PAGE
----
A white supremacists carries the Confederate flag as he walks past counter demonstrators in Charlottesville, Virginia, Aug. 12, 2017.
A white supremacists carries the Confederate flag as he walks past counter demonstrators in Charlottesville, Virginia, Aug. 12, 2017.

One person died Saturday when someone drove a car through a crowd of protesters at a white supremacist rally in the city of Charlottesville, Virginia, and two others died later in a helicopter crash that police say was linked to the rally.

At least two dozen other people were injured in the car incident.

Virginia police said they have the driver of the car in custody, and they say they are treating the incident as a criminal homicide investigation.

Late Saturday night, the FBI and the U.S. Attorney's Office announced that they have opened a civili rights investigation into the car incident.

Charlottesville Mayor Mike Singer said on Twitter he is "heartbroken" about the death and urged all those still at the protest site to go home.

President Donald Trump, speaking midafternoon from New Jersey, condemned "the egregious display of hatred, bigotry and violence on many sides" in Charlottesville.

Charlottesville, Virginia
Charlottesville, Virginia

Trump, who was preparing to sign a bill to extend a veterans health care program, called for a "swift restoration of law and order" in the city, adding "no citizen should ever fear for their safety and security."

The helicopter crash Saturday afternoon happened outside the city. The pilot and a passenger were killed. Police have not released details of the crash.

The car ramming occurred as people were leaving the area after police deemed the demonstration unlawful when multiple bouts of violence broke out at the rally between demonstrators and counter-protesters.

Video of the fights show armor-clad, shield-carrying demonstrators trading punches with similarly armed counter-protesters as they marched in the city of Charlottesville.

Virginia Governor Terry McAuliffe said on Twitter he declared a state of emergency "to aid state response to violence at alt-right rally in Charlottesville."

"The acts and rhetoric in Charlottesville over past 24 hours are unacceptable and must stop. A right to speech is not a right to violence," he wrote in a post on Twitter.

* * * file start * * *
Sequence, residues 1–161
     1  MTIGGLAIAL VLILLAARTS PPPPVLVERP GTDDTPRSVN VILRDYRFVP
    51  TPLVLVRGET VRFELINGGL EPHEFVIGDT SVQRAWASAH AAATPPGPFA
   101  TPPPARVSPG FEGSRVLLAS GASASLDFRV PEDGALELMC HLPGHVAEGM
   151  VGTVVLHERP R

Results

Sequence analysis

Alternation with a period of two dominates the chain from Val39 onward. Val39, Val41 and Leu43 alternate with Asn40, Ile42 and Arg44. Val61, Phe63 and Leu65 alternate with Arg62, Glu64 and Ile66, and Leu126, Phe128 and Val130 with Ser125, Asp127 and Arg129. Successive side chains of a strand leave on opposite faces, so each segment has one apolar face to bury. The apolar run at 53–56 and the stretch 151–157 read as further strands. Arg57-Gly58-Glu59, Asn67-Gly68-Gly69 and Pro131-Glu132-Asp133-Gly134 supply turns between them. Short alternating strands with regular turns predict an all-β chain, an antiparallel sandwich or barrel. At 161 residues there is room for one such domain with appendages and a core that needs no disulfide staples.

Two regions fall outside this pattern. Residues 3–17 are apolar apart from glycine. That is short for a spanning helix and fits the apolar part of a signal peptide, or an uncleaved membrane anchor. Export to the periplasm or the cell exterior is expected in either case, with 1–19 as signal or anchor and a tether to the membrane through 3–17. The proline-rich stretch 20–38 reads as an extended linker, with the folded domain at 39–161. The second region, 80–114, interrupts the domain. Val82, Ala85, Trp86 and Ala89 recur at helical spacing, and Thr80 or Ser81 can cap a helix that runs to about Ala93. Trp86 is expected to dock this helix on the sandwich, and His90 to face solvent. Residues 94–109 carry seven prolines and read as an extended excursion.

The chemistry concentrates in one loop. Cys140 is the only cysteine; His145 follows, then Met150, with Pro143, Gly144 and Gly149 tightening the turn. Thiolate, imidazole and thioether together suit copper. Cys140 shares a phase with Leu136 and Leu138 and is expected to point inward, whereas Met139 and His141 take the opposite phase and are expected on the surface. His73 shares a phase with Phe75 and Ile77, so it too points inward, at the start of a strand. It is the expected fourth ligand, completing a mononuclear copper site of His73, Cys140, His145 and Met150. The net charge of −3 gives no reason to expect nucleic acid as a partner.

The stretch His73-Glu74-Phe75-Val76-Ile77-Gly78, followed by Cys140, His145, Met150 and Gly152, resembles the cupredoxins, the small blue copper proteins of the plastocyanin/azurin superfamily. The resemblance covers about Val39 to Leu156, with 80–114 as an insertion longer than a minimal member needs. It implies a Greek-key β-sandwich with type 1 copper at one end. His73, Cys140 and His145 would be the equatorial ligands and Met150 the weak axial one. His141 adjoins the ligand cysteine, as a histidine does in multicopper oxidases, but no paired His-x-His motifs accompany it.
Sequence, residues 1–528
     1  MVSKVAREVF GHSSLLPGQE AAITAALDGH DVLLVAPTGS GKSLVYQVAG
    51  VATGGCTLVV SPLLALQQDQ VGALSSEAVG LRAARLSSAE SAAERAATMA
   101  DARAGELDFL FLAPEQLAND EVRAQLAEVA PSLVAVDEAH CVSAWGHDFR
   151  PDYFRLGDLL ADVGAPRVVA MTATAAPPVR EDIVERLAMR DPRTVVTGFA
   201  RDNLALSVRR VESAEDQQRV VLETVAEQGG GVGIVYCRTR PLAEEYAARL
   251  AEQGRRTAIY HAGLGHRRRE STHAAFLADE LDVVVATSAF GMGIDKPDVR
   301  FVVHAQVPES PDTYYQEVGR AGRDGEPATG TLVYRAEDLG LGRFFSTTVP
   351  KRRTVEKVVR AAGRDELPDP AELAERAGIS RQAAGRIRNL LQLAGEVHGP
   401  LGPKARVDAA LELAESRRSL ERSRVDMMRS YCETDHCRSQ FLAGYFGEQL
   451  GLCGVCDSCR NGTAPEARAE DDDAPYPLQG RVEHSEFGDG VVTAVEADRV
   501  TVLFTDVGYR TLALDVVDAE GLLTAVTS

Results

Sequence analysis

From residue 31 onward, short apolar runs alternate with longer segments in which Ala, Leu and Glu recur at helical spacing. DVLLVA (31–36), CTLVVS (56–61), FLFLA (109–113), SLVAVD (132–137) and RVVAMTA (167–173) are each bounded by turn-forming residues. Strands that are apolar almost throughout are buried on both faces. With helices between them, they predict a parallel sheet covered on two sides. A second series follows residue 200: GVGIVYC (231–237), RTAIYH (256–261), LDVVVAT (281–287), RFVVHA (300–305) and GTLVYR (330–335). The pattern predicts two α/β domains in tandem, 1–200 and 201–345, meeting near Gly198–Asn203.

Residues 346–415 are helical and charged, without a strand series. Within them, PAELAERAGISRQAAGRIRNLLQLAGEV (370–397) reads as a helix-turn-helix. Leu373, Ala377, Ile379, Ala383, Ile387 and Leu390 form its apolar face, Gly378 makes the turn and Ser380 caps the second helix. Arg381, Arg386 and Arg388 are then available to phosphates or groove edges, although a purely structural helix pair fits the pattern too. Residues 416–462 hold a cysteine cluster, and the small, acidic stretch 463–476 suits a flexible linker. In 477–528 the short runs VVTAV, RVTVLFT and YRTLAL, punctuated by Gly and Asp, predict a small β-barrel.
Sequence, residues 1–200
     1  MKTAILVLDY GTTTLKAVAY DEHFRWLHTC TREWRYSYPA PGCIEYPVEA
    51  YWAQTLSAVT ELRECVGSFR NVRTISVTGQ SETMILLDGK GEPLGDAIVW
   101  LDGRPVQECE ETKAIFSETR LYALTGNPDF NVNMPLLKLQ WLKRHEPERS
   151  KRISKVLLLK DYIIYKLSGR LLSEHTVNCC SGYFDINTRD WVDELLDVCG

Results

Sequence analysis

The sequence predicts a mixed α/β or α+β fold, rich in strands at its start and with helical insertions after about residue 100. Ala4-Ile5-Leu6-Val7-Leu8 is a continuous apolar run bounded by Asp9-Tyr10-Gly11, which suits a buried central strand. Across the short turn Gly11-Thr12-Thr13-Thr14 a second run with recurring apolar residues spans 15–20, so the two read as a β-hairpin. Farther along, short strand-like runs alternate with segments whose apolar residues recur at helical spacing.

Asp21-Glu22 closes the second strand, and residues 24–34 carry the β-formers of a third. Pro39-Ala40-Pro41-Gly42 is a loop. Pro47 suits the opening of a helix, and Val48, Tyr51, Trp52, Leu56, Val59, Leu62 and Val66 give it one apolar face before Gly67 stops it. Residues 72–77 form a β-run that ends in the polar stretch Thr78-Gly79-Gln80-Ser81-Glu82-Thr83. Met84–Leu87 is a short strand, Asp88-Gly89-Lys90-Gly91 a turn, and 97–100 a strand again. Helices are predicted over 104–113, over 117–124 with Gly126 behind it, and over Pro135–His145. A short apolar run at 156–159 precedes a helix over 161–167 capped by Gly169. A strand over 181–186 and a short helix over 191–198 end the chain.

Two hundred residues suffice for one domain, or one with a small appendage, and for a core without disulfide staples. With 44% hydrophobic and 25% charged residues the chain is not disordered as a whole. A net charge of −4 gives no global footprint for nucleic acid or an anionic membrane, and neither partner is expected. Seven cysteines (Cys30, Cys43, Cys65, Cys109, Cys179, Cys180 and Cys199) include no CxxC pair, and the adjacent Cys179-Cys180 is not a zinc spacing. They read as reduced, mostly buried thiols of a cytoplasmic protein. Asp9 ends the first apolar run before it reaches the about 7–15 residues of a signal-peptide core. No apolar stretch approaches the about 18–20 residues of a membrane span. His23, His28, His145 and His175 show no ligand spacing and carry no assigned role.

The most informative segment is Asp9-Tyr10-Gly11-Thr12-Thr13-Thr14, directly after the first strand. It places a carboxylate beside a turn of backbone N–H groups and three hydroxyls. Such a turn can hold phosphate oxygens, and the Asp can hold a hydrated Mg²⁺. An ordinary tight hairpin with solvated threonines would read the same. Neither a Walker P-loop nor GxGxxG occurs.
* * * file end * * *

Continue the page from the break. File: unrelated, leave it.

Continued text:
Earlier Saturday, Trump responded to the violence on Twitter, urging all sides to "come together as one" and condemning "hate."

FILE - White supremacists carry torches on the gro
White supremacists carry torches on the grounds of the University of Virginia, on the eve of the "Unite the Right" rally in Charlottesville, Va., Aug. 11, 2017.

The gathering at the University in Virginia, dubbed the “Unite the Right” rally, previously prompted the state’s governor to warn people to stay away from the campus.

A smaller group of demonstrators also rallied Friday night, marching through the campus carrying tiki torches and shouting slogans like “white lives matter,” in preparation for the larger Saturday event.

As they marched Friday the group of white marchers encountered a group of counter-protesters and a small scuffle ensued. A chemical irritant was sprayed into the crowd and police were able to break up the clash. At least one person was arrested and a few people were treated for minor injuries.

The larger rally Saturday was expected to draw crowds of 2,000 to 6,000 people who are upset about the planned removal of a statue commemorating the memory of Confederate Civil War General Robert E. Lee.

IN PHOTOS: Virginia City Rocked by White Nationalist Protests

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